Summer is a great time to review how your family is functioning as a team. Are you working together effectively to accomplish shared goals? Do you have an agreed upon mission that leads to a common vision? If your family is like many, its daily functioning isn’t a seamless process lacking strong emotions and challenges.
Play your appropriate role
We each serve different roles in our families. Mom and Dad hold the role of parent rather than friend. This is a role that holds promises key to the success of the children. What do you say are the most important aspects of being a parent? Children should be able to be kids – learning, exploring, breaking things, sleeping in, enjoying water ice and generally having lots of fun, especially in the summer. They will have plenty of time to be serious as they grow into responsible, mature adults with a solid foundation formed from healthy family relationships.
Give your children responsibilities commensurate with their age and maturity, and hold them accountable. Some day they will be out there in the world of work, so help them learn how to do their share, on time and up to your agreed upon standards. They may have a part-time job if they are in their teens or possibly chores around the home to earn an allowance. Both avenues provide children with street smarts and on the job training that will inure to their benefit in the future.
When they decided to have kids, parents took on a major responsibility that cannot be delegated, but they are spouses as well. Being a great spouse encompasses a different set of goals. If the family strives to become a high performance team, both parents are essential. Spouses must commit to remaining honorable, lovable and cherishable, just as they vowed to love, honor and cherish their mate. Your vows were reciprocal. Are you as lovable now as when you tied the knot?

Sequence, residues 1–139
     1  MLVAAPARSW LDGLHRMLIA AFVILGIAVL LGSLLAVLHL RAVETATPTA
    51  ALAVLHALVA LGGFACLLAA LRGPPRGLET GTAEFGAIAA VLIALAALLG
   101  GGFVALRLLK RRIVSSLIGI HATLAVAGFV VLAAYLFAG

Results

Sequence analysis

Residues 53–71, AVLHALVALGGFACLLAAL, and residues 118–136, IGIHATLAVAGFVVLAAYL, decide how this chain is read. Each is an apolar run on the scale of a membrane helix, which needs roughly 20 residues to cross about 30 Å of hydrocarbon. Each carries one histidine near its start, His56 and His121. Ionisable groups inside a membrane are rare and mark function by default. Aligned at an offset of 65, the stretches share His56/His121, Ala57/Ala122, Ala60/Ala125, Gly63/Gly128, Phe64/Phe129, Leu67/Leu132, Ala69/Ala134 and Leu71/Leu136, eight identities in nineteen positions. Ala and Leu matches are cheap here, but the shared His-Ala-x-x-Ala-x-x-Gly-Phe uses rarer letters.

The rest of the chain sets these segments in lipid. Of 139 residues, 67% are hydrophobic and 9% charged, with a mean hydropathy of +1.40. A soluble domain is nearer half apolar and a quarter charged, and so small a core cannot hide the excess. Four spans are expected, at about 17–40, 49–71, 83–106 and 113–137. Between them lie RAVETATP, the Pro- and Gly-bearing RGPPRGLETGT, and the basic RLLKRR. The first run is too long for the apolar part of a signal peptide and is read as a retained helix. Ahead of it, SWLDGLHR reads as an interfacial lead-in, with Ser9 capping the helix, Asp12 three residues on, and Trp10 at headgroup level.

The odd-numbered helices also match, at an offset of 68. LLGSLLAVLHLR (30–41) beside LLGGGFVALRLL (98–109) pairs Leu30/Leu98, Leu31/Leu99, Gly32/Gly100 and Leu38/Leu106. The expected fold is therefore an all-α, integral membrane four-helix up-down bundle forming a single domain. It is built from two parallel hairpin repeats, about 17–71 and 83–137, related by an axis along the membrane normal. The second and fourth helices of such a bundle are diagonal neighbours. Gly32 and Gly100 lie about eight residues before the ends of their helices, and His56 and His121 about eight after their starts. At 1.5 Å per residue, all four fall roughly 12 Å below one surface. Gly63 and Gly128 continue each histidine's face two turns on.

As you consider how to create a stronger family unit, I recommend the following guidelines to healthier family relationships. I call them the Ten Commandments for a High Performance Family.
Be in partnership, not competition.
Remember that marriage and family is about partnership rather than competition. How can you help your partner rather than compete with her? How can he help you succeed in achieving your goals? We should never be in competition with our children or our spouses as it diminishes and damages these relationships. Children who are raised by parents who compete with them can suffer dramatically reduced self-confidence and self-esteem. Rather, demonstrate your virtues through your behavior.
Invest in your partner and loved ones, and learn from them.
Spend quality time with your family. Talk with one another, exercise, travel, or volunteer together. The list of possibilities is endless. We can learn from each other throughout these experiences. Not only can we learn valuable lessons from our spouses, we can learn from our children. Ask them for help with your phone or computer, or ask them to research and present alternatives for family vacations. If parents are open to what their children may teach them, they can learn a variety of skills and lessons from teamwork to listening skills and more. Bottom line – show up around them and listen.
Negotiate. Don’t demand.
Negotiation is key. Allow others to suggest other approaches or just plain say no. No is not a dirty word. No means you can count on me NOT doing what you asked. When someone declines a request it does not mean they are rejecting you or disrespecting you. Consider that this person is simply declining your specific request but may possibly be able to help in a slightly different way. Get into the habit of asking for counteroffers if your initial approach is unworkable. These offers can provide a great alternative to your original request and still meet your needs. After all, is it better for someone to say yes when they know they cannot comply, for fear of offending you? I say it is better for them, and you, if you allow them to be straight with you.
Provide an element of time when you request something of someone and vice versa.
Keeping promises helps build the foundation of trust required for strong family relationships. When you promise something to a family member, estimate how long it will take to fulfill this task and share this information with them. Be sure you review other commitments and deadlines in consideration of your timeline. If the other person is pleased with the timeframe, set your focus on accomplishing your commitment to them on that schedule.